Give yourself grace as you navigate the complexities of these dialogues. You don't have to bring them up all at once, but if you ignore them for too long, know that they will come up, in one way or another.
Maria Sosa, M.S., MFT, is a therapist, holistic health coach, wellness writer, and multi-passionate human. She has a master's degree in Marriage & Family Therapy from Nova Southeastern University, and she is a relationship expert who has been featured on Refinery29, Bumble, Kossie, and the Emjoy app, and more. She is best known on social media as @holisticallygrace, where her colorful, practical, and compassionate content is a source of inspiration for those looking to thrive and grow in their personal and interpersonal relationships.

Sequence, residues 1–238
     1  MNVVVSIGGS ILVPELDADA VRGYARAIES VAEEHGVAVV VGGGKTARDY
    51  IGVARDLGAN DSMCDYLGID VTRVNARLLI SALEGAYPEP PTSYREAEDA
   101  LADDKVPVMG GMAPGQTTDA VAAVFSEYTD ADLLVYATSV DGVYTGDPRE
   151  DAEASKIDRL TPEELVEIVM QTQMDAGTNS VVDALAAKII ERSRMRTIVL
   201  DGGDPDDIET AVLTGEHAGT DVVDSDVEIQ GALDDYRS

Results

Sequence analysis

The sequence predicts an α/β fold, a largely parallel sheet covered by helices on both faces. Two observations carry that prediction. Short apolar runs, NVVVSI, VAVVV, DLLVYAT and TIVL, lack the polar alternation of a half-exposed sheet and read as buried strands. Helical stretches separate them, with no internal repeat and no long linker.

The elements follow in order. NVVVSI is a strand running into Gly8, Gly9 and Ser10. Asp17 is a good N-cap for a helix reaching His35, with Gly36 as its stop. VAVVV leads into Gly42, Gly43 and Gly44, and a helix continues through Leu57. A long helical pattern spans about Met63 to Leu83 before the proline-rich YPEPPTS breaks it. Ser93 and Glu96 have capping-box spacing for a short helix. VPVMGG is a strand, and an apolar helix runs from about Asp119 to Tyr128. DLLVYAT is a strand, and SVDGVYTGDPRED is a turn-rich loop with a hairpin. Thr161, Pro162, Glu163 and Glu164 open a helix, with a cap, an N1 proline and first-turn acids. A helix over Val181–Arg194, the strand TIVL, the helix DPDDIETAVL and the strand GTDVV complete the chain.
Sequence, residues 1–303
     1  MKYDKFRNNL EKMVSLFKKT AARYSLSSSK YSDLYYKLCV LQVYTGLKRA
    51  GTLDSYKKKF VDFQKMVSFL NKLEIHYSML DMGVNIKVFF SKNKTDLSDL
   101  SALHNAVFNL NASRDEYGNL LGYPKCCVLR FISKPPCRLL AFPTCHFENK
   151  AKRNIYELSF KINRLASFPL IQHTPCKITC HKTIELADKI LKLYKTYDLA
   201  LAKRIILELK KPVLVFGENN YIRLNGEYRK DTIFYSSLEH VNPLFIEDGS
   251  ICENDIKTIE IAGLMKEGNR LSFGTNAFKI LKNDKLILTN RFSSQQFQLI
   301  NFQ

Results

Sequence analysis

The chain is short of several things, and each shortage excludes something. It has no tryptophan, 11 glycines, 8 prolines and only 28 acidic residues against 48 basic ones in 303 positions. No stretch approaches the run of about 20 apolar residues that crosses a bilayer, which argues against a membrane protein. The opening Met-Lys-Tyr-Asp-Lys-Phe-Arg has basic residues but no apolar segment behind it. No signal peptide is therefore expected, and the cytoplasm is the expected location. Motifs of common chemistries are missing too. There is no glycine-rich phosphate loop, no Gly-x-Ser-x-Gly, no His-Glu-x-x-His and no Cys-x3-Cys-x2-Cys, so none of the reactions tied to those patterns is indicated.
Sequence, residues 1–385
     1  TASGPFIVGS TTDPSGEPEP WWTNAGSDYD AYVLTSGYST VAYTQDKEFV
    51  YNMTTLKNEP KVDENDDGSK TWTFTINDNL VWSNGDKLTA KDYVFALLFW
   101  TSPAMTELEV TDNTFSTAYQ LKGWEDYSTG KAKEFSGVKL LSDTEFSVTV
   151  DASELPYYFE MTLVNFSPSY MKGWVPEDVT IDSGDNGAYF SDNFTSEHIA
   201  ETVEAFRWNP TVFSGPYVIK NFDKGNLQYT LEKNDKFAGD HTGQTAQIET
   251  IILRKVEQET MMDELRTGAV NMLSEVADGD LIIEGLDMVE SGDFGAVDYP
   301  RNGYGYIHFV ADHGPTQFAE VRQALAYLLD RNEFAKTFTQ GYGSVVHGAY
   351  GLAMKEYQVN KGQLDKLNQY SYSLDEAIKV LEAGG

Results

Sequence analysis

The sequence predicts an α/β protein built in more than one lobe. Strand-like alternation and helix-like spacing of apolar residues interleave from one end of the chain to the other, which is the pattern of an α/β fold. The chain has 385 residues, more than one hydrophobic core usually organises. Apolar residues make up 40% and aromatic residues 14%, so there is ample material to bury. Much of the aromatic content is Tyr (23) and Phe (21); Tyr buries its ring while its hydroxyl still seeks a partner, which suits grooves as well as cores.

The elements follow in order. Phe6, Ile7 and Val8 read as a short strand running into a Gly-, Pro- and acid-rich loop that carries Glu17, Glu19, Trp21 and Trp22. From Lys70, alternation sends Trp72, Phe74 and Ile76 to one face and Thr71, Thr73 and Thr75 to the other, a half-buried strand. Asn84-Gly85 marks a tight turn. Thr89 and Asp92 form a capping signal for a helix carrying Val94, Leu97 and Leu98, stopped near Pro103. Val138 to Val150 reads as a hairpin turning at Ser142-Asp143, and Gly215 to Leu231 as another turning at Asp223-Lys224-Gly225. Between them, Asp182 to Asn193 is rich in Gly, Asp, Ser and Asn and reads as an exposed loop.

Looking to incorporate her love of nutrition into her scope of practice, she received her holistic health coach certification from the Institute of Integrative Nutrition, and she is also a certified Intuitive Eating Counselor. As the host of the “Mind Meets Body” podcast, Maria likes to explore and redefine health by discussing the emotional, mental, and spiritual components that are often left out of the exercise/nutrition centric mainstream definition.
Maria is originally from Venezuela and currently resides in Miami where she provides professional relationship therapy services for both couples and individuals that are designed to assist through life transitions, setting better boundaries, processing and healing from relationship-related trauma, painful post-relationship journeys, and more.